Transitioning Baby to Cup

by Angela Grant Cerasaro MS, CCC-SLP


If you are breastfeeding and want to bottle feed as well:

  • Breastfed babies should be introduced to a bottle before 6 weeks of age, and should use the bottle regularly (ideally at least once a day or at least 3-4 times per week).
  • Allow the baby to take in the nipple on his/her own, versus putting the nipple in their mouth
  • Another caregiver other than mom may need to do the bottle feedings, and mom may even need to leave the room/house during the feeding session
  • Switch sides as if you were breastfeeding to promote symmetrical head and neck control
  • Experiment with different nipples and bottles.  Sometimes a slower-flow nipple works better.


Sometimes breastfed babies will refuse a bottle even after repeated attempts, especially if the bottle is introduced later than 6 weeks.  Breastfeeding and bottle feeding seem similar, but actually require different suck patterns, oral positioning and oral movements.

  • Breastfeeding:
    • Tongue, teeth and cheeks are “at rest” during breastfeeding
    • Breast tissue forms to mouth, and the breast is pulled far back into the baby’s mouth
    • Tongue movement mimics adult swallow (tongue moves from front to back in a wave-like motion)
  • Bottle feeding:
    • Bottle feeding drives the tongue back and up because of the position and shape of the nipple and because of the faster flow of the milk
    • Baby often sucks with lips versus tongue
    • Bottle feeding puts an upward force on palate (roof of mouth)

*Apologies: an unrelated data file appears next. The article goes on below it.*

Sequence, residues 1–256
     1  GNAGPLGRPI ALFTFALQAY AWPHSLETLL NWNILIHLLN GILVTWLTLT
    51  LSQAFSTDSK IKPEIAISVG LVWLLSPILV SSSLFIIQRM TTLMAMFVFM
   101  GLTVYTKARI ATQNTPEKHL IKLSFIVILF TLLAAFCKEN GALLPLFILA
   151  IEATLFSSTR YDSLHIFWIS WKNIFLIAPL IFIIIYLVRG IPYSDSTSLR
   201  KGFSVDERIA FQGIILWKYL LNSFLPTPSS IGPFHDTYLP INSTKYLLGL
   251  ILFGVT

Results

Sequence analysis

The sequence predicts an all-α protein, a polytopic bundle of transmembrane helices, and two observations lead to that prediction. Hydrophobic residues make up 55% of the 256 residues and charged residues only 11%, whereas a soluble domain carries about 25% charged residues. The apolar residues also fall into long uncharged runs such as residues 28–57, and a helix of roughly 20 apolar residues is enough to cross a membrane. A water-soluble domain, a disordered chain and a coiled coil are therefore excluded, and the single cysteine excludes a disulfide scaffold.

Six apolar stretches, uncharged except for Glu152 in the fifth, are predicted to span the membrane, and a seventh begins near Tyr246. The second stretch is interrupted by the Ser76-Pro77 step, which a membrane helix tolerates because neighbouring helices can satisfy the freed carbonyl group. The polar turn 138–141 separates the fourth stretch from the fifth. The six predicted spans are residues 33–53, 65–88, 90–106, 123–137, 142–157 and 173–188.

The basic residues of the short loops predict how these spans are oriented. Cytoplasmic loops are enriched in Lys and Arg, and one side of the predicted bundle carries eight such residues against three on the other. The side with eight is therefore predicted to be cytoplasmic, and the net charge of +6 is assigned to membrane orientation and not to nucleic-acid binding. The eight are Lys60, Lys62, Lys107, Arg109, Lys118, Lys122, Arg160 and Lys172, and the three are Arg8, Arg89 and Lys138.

Bottles, pacifiers, and thumb sucking can create an open bite, high palate, and tongue thrust if continued beyond recommended ages or over-used.  Using a pacifier or bottle for specific times during the day, such as nap and bed time, is not likely to cause a problem if continued even to age 2 or 2.5, but should not be used all day long. 


Options other than breast or bottle for feeding include using spoon feeding, open (regular) cup feedings, sippy cups, and straws.  All of these should be done in an upright position, such as in a highchair.  6-12 months is the ideal age to introduce open cups, sippy cups and even straws.  Some children are ready to start even younger, around 4 months. 

  • Spoon feed milk/formula
  • Cup feed milk/formula
    • Tip the cup so that just the milk just touches the infant’s lower lip and allow them to lap up or sip the milk
    • Do NOT pour liquid into the baby’s mouth
    • You can use a small regular open cup
    • Flexi-cut cups (available online at amazon.com or a variety of other websites)
    • Foley cup feeder (www.foleycup.com)
  • Sippy cup
    • Around 4 months a baby can be taught to use transition sippy cups, such as the following:
    • Munchkin Latch Transition Cup
    • Playtex Soft Spout
    • Tommee Tippee 4+ months
    • If there is a valve, may need to remove it at least temporarily
  • Straw
    • To introduce, use a regular straw and plug the end with finger and feed at an angle
    • Once the baby can suck this way, introduce the straw in a cup with liquid
    • Use valve-less straws (regular adult plastic straws)
    • Take N Toss straw cup
    • Litterless Juice box
  • Other options for feeding infants 4-6 months and older:
    • Mix milk/formula with baby food
    • Make a smoothie with milk/formula
  • Open cup and straw cup are best for baby’s oral development, but sippy cups are fine as a transitional cup until around 2 years of age.